Nowhere brides: PoK women feel the pangs of separation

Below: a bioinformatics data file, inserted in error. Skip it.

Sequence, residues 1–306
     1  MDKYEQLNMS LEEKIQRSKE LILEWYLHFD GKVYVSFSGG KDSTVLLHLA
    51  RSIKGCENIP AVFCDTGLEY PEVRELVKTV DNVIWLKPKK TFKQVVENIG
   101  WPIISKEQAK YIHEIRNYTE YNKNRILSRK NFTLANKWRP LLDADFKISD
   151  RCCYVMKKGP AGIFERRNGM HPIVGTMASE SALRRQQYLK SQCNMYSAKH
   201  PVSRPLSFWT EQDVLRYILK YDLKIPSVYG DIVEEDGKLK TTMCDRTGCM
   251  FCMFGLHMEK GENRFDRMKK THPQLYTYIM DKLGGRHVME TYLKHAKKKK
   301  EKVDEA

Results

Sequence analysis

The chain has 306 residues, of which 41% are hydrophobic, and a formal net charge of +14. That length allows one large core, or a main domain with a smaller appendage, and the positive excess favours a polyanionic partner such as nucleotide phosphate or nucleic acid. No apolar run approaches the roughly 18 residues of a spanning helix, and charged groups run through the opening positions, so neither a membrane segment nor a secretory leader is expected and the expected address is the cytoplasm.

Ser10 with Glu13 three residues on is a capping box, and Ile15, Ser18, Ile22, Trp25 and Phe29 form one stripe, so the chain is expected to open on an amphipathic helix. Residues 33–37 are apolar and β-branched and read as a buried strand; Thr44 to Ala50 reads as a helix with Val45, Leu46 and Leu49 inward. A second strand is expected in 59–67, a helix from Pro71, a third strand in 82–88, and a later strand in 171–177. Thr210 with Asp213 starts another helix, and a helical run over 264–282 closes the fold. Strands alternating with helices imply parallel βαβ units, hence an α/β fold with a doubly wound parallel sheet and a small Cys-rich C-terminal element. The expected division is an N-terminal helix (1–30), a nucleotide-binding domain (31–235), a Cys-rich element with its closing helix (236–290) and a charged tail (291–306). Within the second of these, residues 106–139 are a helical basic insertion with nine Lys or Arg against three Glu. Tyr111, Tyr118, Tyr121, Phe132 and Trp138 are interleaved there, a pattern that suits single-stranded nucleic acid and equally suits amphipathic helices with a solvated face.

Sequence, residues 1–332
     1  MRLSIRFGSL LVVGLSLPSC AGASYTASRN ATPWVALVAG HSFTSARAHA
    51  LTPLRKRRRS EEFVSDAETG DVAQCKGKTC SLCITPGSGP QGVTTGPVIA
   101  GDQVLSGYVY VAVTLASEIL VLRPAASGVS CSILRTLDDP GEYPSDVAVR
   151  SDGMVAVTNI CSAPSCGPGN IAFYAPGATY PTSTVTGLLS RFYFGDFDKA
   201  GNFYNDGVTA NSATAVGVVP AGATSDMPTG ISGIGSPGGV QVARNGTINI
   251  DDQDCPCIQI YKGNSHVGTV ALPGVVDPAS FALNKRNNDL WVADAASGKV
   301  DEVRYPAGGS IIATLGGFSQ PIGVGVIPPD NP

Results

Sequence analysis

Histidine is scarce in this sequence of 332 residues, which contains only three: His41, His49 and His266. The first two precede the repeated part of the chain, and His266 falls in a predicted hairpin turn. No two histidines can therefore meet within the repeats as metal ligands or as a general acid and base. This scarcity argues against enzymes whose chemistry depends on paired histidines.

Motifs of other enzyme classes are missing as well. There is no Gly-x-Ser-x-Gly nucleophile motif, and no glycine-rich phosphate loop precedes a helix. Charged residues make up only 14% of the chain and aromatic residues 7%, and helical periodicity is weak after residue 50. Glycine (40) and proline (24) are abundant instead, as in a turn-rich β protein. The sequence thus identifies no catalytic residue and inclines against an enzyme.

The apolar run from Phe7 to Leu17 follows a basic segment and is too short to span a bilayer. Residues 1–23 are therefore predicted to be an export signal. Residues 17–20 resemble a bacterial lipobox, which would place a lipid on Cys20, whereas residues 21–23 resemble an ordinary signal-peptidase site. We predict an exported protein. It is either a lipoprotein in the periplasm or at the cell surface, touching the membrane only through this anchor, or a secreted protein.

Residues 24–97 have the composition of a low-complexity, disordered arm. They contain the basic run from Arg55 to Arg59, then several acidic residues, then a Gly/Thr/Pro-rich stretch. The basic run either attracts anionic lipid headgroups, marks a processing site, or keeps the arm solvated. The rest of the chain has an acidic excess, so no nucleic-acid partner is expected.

first_imgCaught in the tangle of an official rehabilitation policy, the Kashmir Valley is no longer a ‘honeymooners paradise’ for 27-year-old Kubra Gillani.Ms. Gillani, a resident of Domail in Muzaffarbad, the capital of Pakistan-occupied Kashmir (PoK), met Altaf Ahmad Rather from Anantnag near Srinagar when he crossed the Line of Control as many youth from Kashmir did in the late 1990s apparently for arms training to become a militant. The two fell in love and got married in PoK on March 25, 2010. “My husband and I decided to come to Kashmir under then Chief Minister Omar Abdullah’s rehabilitation policy which began in 2010. Mr. Abdullah had promised that we could travel between the two parts [Kashmir and PoK] without any hassles,” Ms. Gillani recalled.No documentsHowever, as most brides who decided to accompany their husbands across the border, she was issued no documents of citizenship nor permanent residency, not even an identity card.Her divorce in November last year has left Ms. Gillani stranded between two countries — unable to either return home or settle in India. “My marriage lasted eight years. I got divorced in November last year after I could not bear a child. Since then, I have been stranded in Kashmir. I am not given clearance by the authorities on this side to travel back to Azad Kashmir [PoK] . The agony of losing both husband and now my original home is unbearable,” Ms. Gillani said.She is not alone. Over 150 brides from PoK moved to Kashmir along with ex-militant husbands after the rollout of the 2010 rehabilitation policy. “Three of these brides committed suicide because of the choking atmosphere here,” Ms. Gillani alleged. The first person to take her own life was Saira Begum, 35, wife of Abdul Majid Lone, in April 10, 2014 at Naidkhai village, around 40 km from Srinagar, in Bandipora.“We are living a miserable life here,” said Ms. Gillani, speaking for the women from across the border.According to a government report, around 212 people returned from PoK through Nepal and other routes between 2010 and 2012, against 219 cases approved after security clearance. “At least, 90 men brought their families along to this side,” the report said. The then government had confirmed receiving 1,082 application from youth, who crossed over into PoK for arms training.Court viewA J&K High Court judgment, issued in 1971 in the Mohsin Shah case, had observed that no deportation exercise could take place for such couples because “one person had merely travelled from one part of India to another”.Ms. Gillani has now appealed to Pakistan Prime Minister Imran Khan to put pressure on Indian authorities to clear her travel documents and also those of all other women from PoK living in limbo in the Valley. As of now, she has a Pakistani passport issued for PoK residents but that is not valid in India, as her entry was not apparently registered officially at the time of her arrival. “My father, whose last wish was to see me, died on December 6 last year. God forbid, what if my mother, brother and two sisters too cannot see me again. I am yearning to see my home again. I am without shelter in Kashmir now. I hope PM Khan will live up to his slogan to bring change for people in distress like me,” a desperate Ms Gillani said.last_img

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